We are a commune of inquiring, skeptical, politically centrist, capitalist, anglophile, traditionalist New England Yankee humans, humanoids, and animals with many interests beyond and above politics. Each of us has had a high-school education (or GED), but all had ADD so didn't pay attention very well, especially the dogs. Each one of us does "try my best to be just like I am," and none of us enjoys working for others, including for Maggie, from whom we receive neither a nickel nor a dime. Freedom from nags, cranks, government, do-gooders, control-freaks and idiots is all that we ask for.
Barack Obama used to call himself a “hopemonger,” mocking skeptics who thought the young presidential candidate was entirely too hopeful. No one would accuse him of that anymore. President Obama has done more than anyone else during the past two years to destroy trust in Washington.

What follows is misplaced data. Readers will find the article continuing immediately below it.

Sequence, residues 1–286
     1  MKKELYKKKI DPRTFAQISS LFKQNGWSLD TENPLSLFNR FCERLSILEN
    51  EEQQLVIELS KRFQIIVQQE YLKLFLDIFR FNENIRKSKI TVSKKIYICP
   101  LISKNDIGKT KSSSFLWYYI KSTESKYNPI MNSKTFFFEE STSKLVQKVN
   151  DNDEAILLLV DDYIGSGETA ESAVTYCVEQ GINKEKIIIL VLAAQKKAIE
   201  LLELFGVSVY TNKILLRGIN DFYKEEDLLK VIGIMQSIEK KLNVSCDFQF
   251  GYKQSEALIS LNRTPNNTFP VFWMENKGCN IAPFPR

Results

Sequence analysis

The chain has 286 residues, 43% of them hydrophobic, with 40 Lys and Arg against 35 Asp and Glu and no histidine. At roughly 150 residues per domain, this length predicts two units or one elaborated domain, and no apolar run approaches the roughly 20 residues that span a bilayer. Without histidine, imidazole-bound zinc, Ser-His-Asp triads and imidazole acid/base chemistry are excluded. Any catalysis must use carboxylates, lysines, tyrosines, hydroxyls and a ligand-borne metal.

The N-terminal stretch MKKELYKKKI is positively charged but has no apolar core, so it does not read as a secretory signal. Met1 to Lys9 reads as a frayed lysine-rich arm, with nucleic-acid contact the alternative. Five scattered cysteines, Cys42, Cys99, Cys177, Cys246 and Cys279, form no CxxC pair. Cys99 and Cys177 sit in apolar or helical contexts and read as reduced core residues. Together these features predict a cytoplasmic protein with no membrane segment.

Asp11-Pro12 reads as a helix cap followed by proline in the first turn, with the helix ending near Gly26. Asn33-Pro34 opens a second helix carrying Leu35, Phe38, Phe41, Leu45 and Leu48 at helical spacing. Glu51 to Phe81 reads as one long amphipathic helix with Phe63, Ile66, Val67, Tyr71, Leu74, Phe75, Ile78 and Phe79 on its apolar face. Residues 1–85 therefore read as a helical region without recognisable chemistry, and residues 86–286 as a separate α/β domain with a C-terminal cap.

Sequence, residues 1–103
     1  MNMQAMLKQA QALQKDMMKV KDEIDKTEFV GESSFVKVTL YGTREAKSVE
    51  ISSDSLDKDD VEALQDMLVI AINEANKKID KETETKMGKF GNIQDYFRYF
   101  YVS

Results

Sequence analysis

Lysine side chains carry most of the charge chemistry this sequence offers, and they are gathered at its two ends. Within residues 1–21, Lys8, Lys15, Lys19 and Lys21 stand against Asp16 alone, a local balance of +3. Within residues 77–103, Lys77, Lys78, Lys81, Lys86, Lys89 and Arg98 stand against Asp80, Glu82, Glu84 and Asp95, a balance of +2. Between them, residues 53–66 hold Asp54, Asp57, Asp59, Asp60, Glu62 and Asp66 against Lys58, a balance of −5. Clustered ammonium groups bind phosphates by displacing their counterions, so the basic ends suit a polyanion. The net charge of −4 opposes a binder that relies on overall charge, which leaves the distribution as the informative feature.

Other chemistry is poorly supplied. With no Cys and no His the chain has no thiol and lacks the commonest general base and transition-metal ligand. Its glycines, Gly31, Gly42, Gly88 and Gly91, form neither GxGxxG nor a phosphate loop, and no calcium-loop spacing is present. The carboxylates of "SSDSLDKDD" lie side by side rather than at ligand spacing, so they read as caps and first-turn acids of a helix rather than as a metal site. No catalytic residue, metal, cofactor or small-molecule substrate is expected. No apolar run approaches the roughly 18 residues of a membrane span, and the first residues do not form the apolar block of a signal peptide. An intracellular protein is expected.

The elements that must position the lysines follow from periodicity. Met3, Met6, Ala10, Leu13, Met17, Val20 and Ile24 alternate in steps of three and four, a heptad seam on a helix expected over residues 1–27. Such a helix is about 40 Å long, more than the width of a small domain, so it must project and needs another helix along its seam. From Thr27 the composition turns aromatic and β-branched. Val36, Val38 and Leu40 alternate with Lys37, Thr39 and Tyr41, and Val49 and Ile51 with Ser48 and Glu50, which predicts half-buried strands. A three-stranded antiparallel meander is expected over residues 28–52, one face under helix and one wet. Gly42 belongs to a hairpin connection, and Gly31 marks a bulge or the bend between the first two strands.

If Democrats hope to tamp down the anger Clinton perceives in public discourse, they have an odd strategy -- that of enlarging government, and government costs, and government regulation, rather than diminishing those factors in the lives of the people.
There's a geometric/mathematical dimension to this business. The heftier government grows, the more people it affects and touches; the more such people who feel the touch of government, the larger the chances grow for offense and resentment and anger.
A government the size of Calvin Coolidge's, or even Dwight Eisenhower's -- you couldn't get unduly furious over its pastimes. There weren't enough pastimes. The government let you alone, comparatively speaking. A government -- ours, say -- about to start sopping up in taxes a quarter of the national wealth, yet unable to figure out how to pay for all its programs, is a government that it's all but compulsory to dislike.
The point escapes most in the White House and in the Democratic leadership. They want a bigger government still -- one that decides what kind of energy we use, and what size autos we drive, and what kinds of medical services best fulfill public needs. All this with nearly 10 percent of American workers still unemployed.